The high-resolution imagery and intelligence that was required to conduct the successful surgical strikes in Pakistan-occupied Kashmir were provided to the Indian Army by the Indian Space Research Organisation’s (ISRO) Cartosat series of satellites, namely Cartosat-2, 2A, 2B and 2C. They are often referred to as India’s ‘eye in the sky’.
"We've been providing images to the armed forces, the army in particular," a source from ISRO told The Times of India.
According to IANS, the earth observation satellites are managed by ISRO, but the use of satellite's payload or equipment dedicated for strategic use is decided by the defence forces.
With the capability of providing high-resolution images of up to 0.65m, the Cartosat 2A satellite proved to be the guiding eye for Indian soldiers behind enemy lines.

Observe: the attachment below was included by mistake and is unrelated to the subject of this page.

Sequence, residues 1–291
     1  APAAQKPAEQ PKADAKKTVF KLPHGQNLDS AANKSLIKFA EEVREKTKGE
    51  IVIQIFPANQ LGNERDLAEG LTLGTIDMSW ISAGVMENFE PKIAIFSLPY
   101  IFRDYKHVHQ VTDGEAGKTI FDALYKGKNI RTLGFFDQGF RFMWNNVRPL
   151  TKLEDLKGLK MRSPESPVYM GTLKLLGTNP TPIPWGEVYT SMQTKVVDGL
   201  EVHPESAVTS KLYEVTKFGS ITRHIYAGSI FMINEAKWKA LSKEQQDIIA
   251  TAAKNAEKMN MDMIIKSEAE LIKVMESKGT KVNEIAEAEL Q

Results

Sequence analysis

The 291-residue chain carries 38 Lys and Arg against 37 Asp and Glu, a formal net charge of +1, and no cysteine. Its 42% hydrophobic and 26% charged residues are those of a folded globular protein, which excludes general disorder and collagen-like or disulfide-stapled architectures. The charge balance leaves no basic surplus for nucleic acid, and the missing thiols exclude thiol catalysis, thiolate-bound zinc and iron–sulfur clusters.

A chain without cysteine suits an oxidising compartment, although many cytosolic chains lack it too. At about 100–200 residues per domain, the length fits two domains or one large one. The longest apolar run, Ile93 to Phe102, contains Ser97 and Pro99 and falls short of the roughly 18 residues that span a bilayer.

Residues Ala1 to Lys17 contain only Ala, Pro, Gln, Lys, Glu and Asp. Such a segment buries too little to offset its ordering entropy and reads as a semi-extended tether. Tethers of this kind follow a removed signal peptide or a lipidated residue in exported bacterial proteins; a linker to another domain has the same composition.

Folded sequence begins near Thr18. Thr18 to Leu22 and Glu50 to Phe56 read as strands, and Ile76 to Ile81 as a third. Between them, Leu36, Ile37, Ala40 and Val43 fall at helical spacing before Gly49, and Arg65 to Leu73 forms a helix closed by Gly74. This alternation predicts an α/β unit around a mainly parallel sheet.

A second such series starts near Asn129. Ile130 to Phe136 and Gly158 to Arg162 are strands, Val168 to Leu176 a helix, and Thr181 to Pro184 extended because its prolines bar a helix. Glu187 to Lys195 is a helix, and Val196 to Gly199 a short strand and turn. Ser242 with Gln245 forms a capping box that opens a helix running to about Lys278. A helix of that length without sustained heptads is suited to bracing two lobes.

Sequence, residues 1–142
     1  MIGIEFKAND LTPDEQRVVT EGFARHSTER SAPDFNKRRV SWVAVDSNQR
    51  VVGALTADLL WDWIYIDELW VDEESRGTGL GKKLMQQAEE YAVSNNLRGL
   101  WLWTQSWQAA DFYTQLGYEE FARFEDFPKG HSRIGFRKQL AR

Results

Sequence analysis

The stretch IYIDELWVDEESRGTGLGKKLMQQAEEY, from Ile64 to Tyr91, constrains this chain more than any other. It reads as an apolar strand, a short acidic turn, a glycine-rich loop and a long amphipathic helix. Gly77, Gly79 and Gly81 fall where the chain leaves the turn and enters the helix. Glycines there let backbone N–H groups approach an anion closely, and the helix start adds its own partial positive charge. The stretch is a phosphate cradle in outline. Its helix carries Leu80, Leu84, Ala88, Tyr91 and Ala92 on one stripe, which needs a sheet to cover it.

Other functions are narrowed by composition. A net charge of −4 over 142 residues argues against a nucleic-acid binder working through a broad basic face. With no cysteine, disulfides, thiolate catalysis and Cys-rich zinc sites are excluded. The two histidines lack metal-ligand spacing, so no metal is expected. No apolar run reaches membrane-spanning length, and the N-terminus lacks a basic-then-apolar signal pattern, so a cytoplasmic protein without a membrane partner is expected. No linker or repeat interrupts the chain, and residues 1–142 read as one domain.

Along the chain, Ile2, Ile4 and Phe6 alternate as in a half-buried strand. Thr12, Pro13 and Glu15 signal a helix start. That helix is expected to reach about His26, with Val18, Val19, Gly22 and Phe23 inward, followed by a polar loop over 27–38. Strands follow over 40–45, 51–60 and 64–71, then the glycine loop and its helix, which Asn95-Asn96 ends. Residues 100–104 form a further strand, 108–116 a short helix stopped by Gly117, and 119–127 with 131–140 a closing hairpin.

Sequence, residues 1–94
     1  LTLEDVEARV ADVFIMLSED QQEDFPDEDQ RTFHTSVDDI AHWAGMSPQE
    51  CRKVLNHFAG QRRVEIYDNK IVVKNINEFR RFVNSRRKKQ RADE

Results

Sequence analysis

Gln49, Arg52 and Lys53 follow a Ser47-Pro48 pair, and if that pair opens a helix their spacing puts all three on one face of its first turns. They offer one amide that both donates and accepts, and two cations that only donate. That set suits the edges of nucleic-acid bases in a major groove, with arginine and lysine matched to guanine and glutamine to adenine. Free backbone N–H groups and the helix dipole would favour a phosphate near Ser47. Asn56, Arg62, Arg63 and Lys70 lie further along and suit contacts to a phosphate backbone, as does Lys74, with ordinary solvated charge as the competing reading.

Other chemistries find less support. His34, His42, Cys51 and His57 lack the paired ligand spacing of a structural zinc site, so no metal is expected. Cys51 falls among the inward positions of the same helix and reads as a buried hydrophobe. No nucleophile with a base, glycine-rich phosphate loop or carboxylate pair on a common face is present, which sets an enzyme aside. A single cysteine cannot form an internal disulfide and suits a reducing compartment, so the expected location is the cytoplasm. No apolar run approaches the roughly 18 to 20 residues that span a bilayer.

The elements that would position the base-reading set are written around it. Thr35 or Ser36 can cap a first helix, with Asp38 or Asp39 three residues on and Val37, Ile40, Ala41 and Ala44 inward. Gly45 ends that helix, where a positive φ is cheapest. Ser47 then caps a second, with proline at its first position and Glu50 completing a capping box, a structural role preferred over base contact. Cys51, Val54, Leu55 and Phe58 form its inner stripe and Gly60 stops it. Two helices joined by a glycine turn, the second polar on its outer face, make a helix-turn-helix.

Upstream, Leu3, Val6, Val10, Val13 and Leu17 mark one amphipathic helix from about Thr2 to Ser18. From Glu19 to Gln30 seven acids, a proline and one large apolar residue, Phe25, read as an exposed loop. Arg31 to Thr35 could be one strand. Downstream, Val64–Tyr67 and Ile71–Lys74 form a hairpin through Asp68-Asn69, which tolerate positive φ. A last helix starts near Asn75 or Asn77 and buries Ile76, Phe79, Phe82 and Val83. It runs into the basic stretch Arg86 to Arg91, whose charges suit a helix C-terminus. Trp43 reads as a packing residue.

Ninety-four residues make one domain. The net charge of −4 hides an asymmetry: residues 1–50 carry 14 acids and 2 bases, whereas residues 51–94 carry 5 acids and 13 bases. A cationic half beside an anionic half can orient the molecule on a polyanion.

The Cartosat 2C was launched from the Satish Dhawan Space Centre at Sriharikota on 22 June this year. It was one of the 20 satellites that were put into orbit as part of a historic mission. The data provided for the surgical strikes to occur was reportedly the first time that Cartosat 2C was used to provide high-resolution images of certain areas.
ISRO is now set to launch a satellite to be used by the Indian Air Force. The Indian defence forces will soon have around six satellites for their use at any given point of time in the near future.